Survivors of sexual assault have to cope with processing and recovering from a traumatising crime they did not bring on themselves

If you have reported the incident to the police and they decide they have enough evidence to make an arrest and charge the suspect, your case could be handed to the Crown Prosecution Service. At this point, the accused may plead not guilty – and if they do, the case will go to trial. The likelihood is that you’ll then need to take more time off work to give evidence, not to mention deal with further trauma and the associated mental-health costs.

Of course, you can claim expenses for going to court – including for loss of earnings – but these are limited. In England, you can receive £33.50 for up to four hours of lost earnings, or £67 for longer, which works out roughly £2 more a day than the minimum wage.

If you’ve been sexually assaulted at work you may want to take your case to an employment tribunal, where legal aid is not available, and you may choose to pay for a solicitor. Bringing a civil claim for damages can be very expensive, and the process to get legal aid is not especially clear. While the Civil Legal Advice – the body who advise potential claimants on legal aid – told me that legal aid is not available, the Ministry of Justice said that legal aid is available for civil legal services against private or public parties concerning allegations of sexual assault. However it is subject to means and merits tests.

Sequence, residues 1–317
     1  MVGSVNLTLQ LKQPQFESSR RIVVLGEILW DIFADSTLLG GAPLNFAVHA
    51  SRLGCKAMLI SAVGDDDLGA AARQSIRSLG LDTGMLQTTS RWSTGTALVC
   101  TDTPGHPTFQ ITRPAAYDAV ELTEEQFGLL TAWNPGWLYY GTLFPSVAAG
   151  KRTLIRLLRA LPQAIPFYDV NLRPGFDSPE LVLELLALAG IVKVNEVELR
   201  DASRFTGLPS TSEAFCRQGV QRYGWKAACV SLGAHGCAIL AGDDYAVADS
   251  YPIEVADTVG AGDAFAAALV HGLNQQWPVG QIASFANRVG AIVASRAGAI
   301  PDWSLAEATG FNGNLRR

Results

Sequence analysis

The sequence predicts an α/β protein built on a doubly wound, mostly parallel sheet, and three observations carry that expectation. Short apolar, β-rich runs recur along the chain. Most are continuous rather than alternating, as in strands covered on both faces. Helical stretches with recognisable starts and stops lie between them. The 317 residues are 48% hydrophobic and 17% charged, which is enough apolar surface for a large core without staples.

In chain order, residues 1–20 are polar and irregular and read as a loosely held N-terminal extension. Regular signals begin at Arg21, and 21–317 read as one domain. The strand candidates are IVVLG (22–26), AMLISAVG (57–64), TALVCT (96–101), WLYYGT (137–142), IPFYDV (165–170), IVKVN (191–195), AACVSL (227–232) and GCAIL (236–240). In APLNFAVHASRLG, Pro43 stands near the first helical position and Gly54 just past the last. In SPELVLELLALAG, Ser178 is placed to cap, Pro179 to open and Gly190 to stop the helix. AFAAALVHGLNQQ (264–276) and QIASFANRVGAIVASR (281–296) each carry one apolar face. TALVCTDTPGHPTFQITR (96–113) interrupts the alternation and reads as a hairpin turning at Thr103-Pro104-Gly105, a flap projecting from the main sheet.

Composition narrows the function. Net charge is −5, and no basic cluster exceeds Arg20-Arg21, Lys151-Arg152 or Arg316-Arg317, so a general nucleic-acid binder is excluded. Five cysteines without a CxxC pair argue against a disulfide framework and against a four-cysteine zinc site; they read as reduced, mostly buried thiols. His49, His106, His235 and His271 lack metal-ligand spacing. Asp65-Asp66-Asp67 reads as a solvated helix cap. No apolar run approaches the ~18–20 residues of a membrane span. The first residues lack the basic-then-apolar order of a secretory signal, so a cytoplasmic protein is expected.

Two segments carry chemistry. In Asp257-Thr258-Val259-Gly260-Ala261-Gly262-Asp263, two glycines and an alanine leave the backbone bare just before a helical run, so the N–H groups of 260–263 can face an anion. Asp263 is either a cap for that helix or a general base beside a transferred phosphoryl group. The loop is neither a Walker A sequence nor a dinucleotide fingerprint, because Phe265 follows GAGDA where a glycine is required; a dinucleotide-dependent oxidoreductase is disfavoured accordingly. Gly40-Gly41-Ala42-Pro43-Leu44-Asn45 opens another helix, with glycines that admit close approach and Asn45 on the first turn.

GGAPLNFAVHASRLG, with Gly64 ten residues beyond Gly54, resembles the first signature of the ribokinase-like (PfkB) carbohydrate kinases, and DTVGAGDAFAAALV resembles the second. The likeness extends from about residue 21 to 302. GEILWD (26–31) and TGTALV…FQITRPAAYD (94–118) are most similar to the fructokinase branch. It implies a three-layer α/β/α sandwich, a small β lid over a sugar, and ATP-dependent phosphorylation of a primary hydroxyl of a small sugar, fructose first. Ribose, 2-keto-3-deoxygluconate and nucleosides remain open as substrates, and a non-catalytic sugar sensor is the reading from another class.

This laundry list of financial burdens is not exhaustive. Every survivor of sexual assault is impacted in different ways and, while it might feel overwhelming to look at in black and white, everyone should feel assured that reporting, if that is the right decision for you, will be taken seriously. 

Emotional support is available, and some financial assistance is available – if you have reported the crime to the police, you can apply for criminal-injuries compensation through the government.

And there are charities that provide help and support to survivors. Rape Crisis and Rape Crisis Scotland provide counselling and advocates to support survivors through the criminal-justice system.

But the human and financial cost for survivors are not calculated. Mechanisms exist for those accused of perpetrating sexual crimes to be given access to legal counsel, mount a defence and, if the case goes to trial, a fair hearing. Yet, survivors of sexual assault have to cope with processing and recovering from a traumatising crime they did not bring on themselves. If they choose to report it, they have to deal with the anguish of reliving the event. Stigma, low prosecution and conviction rates all deter survivors from reporting these crimes to police.

Everyone is entitled to raise money how they see fit – although, personally, I’m yet to see a crowdfunding effort by a survivor, bar the global #MeToo movement, arguably. But it is worth questioning how much those who have been sexually assaulted have to pay for their recovery and, very occasionally, justice.

@oliviafeld